The minimum wage for next year has been set at 6,030 won ($5.30) per hour after weeks of debate, despite complaints from both labor and business circles.
Though it marks the highest raise in eight years, labor unions said it was still insufficient to improve low-wage workers’ lives, while employers claimed it put a strain on smaller businesses.
Employers’ representatives, labor experts and government officials of the Minimum Wage Council agreed to increase the minimum wage by 8.1 percent next year at the final negotiations that continued into early hours of Thursday.
The labor bloc boycotted the meeting in opposition to labor experts’ earlier suggestion to put a cap on how much to raise the minimum wage.
At a previous round of talks that dragged on until early Wednesday, labor experts proposed that the rate for the minimum wage hike should be between 6.5 percent and 9.7 percent, prompting the workers’ representatives to walk out of the negotiations in protest.
The Minimum Wage Act stipulates that at least one-third of representatives from trade unions and employers should participate in a vote to decide the minimum wage. But if one party refuses to attend the negotiations more than once, the vote can go ahead without that party.
Out of 27 representatives, the remaining 18, including nine labor experts and seven employers, put the revised proposal to a vote Thursday morning without laborers, where 15 voted in favor, one against and two abstained.
The 8.1 percent wage hike marks the biggest jump since President Park Geun-hye took office in 2013. This year’s minimum wage saw a 7.1 percent rise from a year earlier, while last year‘s rate was raised by 7.2 percent from the previous year.
The hourly wage of 6,030 won translates to 48,240 won a day and 1.26 million won a month for those who work eight hours a day. The pay raise will affect an estimated 3.42 million low-income workers, according to the Minimum Wage Council.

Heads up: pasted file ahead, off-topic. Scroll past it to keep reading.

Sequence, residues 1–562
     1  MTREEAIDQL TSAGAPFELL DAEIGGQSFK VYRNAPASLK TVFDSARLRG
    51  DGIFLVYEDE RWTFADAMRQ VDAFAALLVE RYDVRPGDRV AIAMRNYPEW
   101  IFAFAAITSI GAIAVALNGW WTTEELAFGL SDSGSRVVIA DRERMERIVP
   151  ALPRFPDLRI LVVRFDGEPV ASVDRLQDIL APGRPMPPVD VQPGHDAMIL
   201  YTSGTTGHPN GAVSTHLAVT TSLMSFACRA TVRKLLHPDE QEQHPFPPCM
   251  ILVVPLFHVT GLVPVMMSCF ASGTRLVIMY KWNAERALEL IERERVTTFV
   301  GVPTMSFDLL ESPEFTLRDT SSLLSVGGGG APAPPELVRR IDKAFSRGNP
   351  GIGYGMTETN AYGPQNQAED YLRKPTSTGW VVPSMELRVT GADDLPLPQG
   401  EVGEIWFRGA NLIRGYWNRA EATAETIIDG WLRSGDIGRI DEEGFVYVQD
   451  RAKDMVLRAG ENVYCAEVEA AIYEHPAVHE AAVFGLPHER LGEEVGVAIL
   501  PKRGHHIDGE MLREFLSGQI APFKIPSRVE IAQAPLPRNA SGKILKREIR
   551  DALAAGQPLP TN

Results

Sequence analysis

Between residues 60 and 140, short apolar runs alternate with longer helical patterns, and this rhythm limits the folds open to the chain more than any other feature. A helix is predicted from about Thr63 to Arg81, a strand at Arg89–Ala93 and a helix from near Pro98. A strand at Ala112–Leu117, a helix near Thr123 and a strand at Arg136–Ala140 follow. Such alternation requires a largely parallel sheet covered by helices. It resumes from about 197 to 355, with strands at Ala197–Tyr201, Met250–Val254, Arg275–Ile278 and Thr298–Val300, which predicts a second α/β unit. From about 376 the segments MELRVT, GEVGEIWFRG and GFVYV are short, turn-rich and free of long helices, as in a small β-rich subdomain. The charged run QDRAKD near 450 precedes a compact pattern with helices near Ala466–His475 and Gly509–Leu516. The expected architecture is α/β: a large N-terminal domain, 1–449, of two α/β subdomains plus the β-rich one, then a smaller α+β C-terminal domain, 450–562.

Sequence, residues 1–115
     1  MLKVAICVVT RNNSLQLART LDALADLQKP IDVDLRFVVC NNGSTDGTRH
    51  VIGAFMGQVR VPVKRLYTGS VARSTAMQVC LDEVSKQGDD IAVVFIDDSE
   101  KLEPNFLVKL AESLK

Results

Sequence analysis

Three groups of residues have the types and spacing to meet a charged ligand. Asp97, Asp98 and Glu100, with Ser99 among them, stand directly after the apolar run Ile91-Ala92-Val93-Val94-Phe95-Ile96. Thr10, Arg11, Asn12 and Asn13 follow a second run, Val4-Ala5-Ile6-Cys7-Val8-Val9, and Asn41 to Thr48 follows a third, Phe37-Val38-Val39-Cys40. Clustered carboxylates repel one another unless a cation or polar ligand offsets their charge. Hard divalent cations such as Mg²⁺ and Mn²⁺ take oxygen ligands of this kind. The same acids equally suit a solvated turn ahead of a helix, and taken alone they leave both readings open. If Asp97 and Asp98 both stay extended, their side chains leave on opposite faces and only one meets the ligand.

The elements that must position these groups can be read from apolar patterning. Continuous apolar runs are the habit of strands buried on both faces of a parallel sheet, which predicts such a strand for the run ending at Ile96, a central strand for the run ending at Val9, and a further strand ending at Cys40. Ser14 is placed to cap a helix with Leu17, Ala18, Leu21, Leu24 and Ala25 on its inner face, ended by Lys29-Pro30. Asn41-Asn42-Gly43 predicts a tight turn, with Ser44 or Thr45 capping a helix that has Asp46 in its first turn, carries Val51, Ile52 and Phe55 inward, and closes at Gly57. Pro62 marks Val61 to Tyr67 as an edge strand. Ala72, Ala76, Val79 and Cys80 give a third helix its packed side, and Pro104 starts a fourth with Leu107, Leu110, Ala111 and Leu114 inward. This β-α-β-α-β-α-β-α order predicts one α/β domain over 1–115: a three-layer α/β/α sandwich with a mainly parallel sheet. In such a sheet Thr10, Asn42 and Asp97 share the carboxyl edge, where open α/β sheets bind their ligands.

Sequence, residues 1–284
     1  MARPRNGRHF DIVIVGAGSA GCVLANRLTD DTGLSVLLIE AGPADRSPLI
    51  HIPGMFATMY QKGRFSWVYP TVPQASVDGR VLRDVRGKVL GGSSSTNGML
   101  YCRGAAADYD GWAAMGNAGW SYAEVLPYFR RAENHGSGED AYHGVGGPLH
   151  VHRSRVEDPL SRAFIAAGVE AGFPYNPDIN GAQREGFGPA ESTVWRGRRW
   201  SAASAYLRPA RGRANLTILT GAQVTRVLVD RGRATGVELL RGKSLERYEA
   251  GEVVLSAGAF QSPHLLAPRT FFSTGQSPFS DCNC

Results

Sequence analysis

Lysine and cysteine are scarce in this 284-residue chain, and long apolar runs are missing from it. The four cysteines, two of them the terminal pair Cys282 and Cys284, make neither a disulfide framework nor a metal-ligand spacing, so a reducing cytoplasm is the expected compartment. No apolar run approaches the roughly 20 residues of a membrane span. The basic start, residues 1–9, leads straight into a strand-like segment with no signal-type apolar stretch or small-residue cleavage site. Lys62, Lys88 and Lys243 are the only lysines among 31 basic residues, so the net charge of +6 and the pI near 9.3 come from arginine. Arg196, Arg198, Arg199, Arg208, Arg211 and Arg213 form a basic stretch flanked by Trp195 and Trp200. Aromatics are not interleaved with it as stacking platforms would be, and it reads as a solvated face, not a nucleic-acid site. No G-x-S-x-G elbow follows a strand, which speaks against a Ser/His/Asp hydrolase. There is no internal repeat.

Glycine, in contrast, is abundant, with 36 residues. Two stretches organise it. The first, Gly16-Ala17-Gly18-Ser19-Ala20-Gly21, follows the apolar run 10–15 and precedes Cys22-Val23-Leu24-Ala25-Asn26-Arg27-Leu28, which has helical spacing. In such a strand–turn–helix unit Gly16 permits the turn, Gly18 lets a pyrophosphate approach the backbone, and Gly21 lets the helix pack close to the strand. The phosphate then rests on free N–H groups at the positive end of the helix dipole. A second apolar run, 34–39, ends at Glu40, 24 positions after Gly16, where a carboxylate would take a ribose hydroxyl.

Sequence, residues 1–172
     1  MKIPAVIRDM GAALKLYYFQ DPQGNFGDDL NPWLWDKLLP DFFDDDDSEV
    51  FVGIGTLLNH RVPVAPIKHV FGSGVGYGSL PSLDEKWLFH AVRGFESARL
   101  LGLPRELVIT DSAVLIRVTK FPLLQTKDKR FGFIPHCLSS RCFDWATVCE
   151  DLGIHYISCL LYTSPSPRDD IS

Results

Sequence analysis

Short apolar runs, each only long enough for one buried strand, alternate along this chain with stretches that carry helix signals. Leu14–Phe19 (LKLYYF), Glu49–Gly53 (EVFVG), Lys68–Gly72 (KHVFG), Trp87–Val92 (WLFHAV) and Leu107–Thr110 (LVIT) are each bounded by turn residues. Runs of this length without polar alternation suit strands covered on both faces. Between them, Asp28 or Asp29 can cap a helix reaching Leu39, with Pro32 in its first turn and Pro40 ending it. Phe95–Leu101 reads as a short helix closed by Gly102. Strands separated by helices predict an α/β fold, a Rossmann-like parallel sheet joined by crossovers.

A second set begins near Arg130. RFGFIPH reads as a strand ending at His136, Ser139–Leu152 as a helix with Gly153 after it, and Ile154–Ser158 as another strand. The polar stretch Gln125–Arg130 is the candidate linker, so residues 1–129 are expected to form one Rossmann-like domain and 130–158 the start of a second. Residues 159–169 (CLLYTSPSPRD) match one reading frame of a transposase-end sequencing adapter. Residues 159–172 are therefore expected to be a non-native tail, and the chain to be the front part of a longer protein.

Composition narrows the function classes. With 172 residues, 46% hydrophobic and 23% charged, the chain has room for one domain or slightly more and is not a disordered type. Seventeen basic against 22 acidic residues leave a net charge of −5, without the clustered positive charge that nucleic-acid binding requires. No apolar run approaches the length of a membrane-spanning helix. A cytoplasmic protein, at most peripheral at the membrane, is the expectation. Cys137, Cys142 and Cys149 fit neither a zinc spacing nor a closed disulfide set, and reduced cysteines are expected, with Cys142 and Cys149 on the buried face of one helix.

But the 8.1 percent hike immediately sparked protests from both the labor and business blocs.
“The 70 million low-income earners, who have expected a double-digit growth in the minimum wage as proposed by Finance Minister Choi Kyung-hwan, feel betrayed and disappointed by the decision,” the Federation of Korean Trade Unions, the nation’s largest trade union, said in a press release. Choi has supported a “fast-paced” hike in the minimum wage to spur wage-led economic growth through increased domestic spending.
The Korea Employers Federation, for its part, expressed deep regret over what it viewed as a “drastic increase” in the minimum wage.
“We regret the decision to drastically raise the minimum wage, defying small and medium-sized employers’ complaints of (the need of help for) survival amid worsening economic conditions,” the employers’ organization said, pointing out that the 8.1 percent increase was far more than the inflation rate of 0.5 percent.
Meanwhile, labor and business circles agreed to stipulate both hourly and monthly wages in the employment contract to protect laborers’ right to be paid for 48 hours of labor when working 40 hours a week.
Currently, only hourly wages are written in the contract, which labor experts and workers in the council saw as giving leeway for employers to dodge legal obligations.
Negotiations among employees, employers and labor experts collapsed several times due to continued clashes over the extent of the hike, failing to meet a June 29 legal deadline.
The labor unions initially demanded a 79 percent rise from the current minimum wage at 5,580 won to 10,000 won, while employers campaigned for a freeze.
But after the negotiations failed to meet a legal deadline, both sides presented revised proposals to secure a deal through additional discussions.
At Wednesday’s meeting, the business leaders suggested that the minimum wage be 5,715 won, while laborers proposed 8,100 won.
The Korea Employers Federation has claimed that the minimum wage has risen too rapidly and it needs to be stabilized, voicing concerns over possible job losses and soaring production costs, especially for smaller companies.
The nation’s trade unions have maintained that the hike would curb the nation’s income inequality, improve living conditions for low-income workers and revitalize the faltering domestic economy by boosting consumer spending.
Since the government adopted the minimum wage in 1989, the Minimum Wage Council, a trilateral committee of employers, employees and labor specialists including labor-related government officials, has set the minimum wage through discussion.
This year, the discussion began in early June.
There is still room for a change to the rate as the Ministry of Employment and Labor offers a 20-day period for both labor and management to express their objections before making public the agreed minimum wage rate for next year on Aug. 5.
By Ock Hyun-ju (email@example.com